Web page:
Congress hits new speed bump in effort to restrict shell companies
WASHINGTON — The House Financial Services Committee on Thursday postponed a vote on legislation requiring companies to disclose their beneficial owners, as the bill's Democratic author continues to negotiate with the panel's top Republican.
At a markup where the committee passed a different anti-money-laundering bill, Rep. Carolyn Maloney, D-N.Y., said she would continue to work with Rep. Patrick McHenry, R-N.C., the ranking member, to build bipartisan support for beneficial ownership reform.
It was unclear whether the bill was in peril or will simply be voted on later. Nearly a year ago, an AML bill that included other reforms stalled in the committee when a provision requiring beneficial owner disclosures was removed. Enacting Maloney's bill will likely require some GOP support, particularly in the Senate.
“I am going to ask the chairlady to postpone the bill until later, in hopes of working with the ranking member,” said Maloney, who chairs the investor protection, entrepreneurship and capital markets subcomittee. “He indicated yesterday that he needs more time. … I hope that the ranking member will take this as a show of good faith and an indication of how serious I am about getting broad bipartisan support and getting it signed into law this Congress.”
To combat the money-laundering risk of shell companies, the bill would require the disclosure of beneficial owners at the time of incorporation. Banks support the move since it would absolve them of regulatory requirements to collect beneficial owner information from account holders.
McHenry said he does not believe that the committee has been given enough data from the Financial Crimes Enforcement Network to prove that the legislation’s burdens on small businesses would aide law enforcement in combating illicit finance, and that the legislation is “not currently in my view good.”
“This bill creates a new government repository of every small business in America,” McHenry said. “This is a massive new government regulation. If it is necessary to get terrorists in order to do this, that has not been proven.
“My deep frustration with this is not upon the willingness of the sponsor or [committee Chairwoman Maxine Waters] to hash out the details of this. It is the failure of the administration to provide said data to pass on a massive new small business requirement on every small business owner.”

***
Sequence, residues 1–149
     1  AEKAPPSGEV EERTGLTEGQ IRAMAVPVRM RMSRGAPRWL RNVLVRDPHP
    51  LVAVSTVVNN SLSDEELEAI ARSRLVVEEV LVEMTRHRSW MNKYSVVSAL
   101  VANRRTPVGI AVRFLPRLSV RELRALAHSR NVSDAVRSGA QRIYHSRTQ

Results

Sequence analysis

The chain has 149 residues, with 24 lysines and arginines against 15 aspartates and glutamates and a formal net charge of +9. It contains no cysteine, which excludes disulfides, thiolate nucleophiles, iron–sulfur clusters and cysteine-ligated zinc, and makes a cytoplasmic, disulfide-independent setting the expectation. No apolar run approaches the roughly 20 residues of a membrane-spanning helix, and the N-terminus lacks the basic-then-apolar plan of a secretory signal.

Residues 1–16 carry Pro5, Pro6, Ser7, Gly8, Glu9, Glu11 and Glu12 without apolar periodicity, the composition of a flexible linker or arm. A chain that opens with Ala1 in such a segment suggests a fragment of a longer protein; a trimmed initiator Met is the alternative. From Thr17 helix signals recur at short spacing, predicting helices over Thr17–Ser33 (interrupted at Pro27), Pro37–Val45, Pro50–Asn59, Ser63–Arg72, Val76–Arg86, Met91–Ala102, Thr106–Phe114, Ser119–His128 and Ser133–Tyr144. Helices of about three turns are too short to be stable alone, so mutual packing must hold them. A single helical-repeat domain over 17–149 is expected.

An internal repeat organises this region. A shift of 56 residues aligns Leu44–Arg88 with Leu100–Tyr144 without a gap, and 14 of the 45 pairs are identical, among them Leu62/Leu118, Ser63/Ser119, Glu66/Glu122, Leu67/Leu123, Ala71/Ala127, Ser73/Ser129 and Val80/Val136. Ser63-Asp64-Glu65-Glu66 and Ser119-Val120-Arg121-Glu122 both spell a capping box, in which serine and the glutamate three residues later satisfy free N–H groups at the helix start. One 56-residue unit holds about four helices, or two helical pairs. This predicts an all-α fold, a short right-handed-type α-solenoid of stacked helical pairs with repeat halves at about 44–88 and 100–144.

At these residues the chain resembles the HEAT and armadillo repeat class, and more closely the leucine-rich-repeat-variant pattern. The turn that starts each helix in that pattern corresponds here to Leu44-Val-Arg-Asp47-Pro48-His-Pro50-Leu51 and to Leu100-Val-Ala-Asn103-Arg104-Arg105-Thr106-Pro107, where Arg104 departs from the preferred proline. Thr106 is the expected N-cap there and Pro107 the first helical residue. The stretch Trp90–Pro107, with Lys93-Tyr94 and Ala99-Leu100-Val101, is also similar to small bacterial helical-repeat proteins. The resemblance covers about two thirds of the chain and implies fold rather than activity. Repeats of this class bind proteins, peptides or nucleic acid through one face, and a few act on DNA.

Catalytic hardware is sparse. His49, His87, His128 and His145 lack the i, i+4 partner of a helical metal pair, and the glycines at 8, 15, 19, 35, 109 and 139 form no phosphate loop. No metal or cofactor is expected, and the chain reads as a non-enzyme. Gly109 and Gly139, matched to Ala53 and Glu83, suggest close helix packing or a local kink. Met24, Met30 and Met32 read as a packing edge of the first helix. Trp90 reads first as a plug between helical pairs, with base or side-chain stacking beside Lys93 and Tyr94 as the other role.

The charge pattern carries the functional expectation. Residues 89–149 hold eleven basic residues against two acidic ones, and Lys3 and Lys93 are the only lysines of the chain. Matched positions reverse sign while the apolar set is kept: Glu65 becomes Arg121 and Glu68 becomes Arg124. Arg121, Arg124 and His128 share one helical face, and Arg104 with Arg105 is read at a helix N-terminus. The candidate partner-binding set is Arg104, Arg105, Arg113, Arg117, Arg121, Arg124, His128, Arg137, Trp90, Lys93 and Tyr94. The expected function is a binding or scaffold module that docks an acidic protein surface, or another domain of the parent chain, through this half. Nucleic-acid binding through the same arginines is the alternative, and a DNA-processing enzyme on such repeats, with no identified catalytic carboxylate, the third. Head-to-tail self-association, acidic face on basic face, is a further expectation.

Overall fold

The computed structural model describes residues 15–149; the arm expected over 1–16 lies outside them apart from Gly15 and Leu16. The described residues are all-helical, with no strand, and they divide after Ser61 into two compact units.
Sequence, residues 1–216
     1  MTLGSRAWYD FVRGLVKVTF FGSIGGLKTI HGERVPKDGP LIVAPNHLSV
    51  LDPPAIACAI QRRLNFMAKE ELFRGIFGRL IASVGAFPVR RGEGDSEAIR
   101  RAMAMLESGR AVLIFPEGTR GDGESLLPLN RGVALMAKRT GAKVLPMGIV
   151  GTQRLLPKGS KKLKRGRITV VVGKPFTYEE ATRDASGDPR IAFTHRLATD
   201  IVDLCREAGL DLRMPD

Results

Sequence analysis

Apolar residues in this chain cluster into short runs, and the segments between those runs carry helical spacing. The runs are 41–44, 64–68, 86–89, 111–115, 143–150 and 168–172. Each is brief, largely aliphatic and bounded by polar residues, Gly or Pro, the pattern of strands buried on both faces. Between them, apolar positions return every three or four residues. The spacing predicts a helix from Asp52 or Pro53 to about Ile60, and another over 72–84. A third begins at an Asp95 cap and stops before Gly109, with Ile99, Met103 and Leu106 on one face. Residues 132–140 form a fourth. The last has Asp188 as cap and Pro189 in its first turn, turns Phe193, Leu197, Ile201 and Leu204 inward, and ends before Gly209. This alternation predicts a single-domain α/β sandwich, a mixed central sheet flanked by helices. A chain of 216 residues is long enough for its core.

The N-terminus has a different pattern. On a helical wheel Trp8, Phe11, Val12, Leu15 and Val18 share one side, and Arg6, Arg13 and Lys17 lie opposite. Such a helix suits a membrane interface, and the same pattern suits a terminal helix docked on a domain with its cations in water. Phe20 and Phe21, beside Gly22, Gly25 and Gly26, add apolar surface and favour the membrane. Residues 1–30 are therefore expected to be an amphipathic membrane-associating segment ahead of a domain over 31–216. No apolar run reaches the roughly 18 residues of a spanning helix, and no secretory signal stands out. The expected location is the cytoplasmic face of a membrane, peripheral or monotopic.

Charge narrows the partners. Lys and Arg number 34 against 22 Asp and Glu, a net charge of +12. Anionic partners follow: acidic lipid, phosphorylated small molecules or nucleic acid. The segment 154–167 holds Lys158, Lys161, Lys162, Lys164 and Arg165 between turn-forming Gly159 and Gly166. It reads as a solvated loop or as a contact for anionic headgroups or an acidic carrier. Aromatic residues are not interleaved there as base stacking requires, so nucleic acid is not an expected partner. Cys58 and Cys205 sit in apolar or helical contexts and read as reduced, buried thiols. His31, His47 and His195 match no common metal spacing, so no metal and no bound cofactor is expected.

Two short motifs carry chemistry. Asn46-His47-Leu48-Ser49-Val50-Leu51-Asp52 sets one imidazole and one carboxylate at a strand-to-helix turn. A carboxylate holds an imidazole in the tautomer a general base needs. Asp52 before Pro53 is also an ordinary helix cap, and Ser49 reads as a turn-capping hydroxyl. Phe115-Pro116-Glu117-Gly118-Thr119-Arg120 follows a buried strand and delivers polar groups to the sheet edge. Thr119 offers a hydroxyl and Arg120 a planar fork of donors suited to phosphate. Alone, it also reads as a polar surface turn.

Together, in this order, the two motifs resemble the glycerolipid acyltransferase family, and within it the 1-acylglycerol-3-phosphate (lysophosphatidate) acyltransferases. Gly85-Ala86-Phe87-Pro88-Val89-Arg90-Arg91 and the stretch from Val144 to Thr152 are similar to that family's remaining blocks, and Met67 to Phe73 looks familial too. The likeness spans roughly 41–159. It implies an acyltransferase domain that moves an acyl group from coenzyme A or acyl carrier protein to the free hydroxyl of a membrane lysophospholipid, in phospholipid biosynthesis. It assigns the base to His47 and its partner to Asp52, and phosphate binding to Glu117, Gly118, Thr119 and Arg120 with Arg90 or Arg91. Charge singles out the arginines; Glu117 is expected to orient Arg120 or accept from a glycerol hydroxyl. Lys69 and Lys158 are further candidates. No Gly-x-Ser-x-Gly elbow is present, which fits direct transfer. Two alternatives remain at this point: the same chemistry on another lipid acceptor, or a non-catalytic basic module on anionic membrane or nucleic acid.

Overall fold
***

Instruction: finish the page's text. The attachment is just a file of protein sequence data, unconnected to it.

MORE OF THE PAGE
Despite McHenry’s opposition, other Republicans on the committee support Maloney’s legislation, including Reps. Ann Wagner, R-Mo., and Blaine Luetkemeyer, R-Mo., who also serve as ranking members on two subcommittees.
“America is one of the easiest countries in the world in which to hide who actually owns and benefits from a business,” said Wagner, the No. 2 Republican on the committee. “I support this legislation. I support Ms. Maloney’s work to get this done and bring it to the floor and pass it into law. And I appreciate her accommodation to the ranking member.”
The committee voted unanimously in support of a separate bill sponsored by Emanuel Cleaver, R-Mo., to strengthen information-sharing between law enforcement and banks that invest in AML compliance.
The committee tabled a June 2018 vote on a bill to reduce suspicious activity report and currency transaction report burdens on banks, partially because it excluded a beneficial ownership provision.
McHenry sent a letter to Fincen earlier this week asking for more details on the impact of Maloney's legislation to combat illicit finance. But Waters said she believes the legislation is sufficiently thorough in addressing McHenry's concerns.
“I accept the fact that Ms. Maloney is bending over backwards to be cooperative and many of the questions that are being raised are answered in the bill if the bill is being read in depth and in the way that it should be,” Waters said.
Banking groups are still urging the committee to pass the legislation.
“We appreciate the committee’s engagement on these issues, and urge lawmakers to continue to advance legislation sponsored by Chairwoman Maloney that would require corporations and limited liability companies to self-report beneficial owners to FinCEN, a long overdue measure that would bring the U.S. in line with other countries and improve oversight,” said Rob Nichols, president and CEO of the American Bankers Association, in a statement.
At the markup, the committee also announced the formation of two task forces related to financial technology and artificial intelligence to help promote responsible innovation.
Rep. Stephen Lynch, D-Mass., will chair a task force on fintech, while Rep. Bill Foster, D-Ill., will chair a task force on artificial intelligence. Rep. French Hill, R-Ark., will be the lead Republican on both task forces.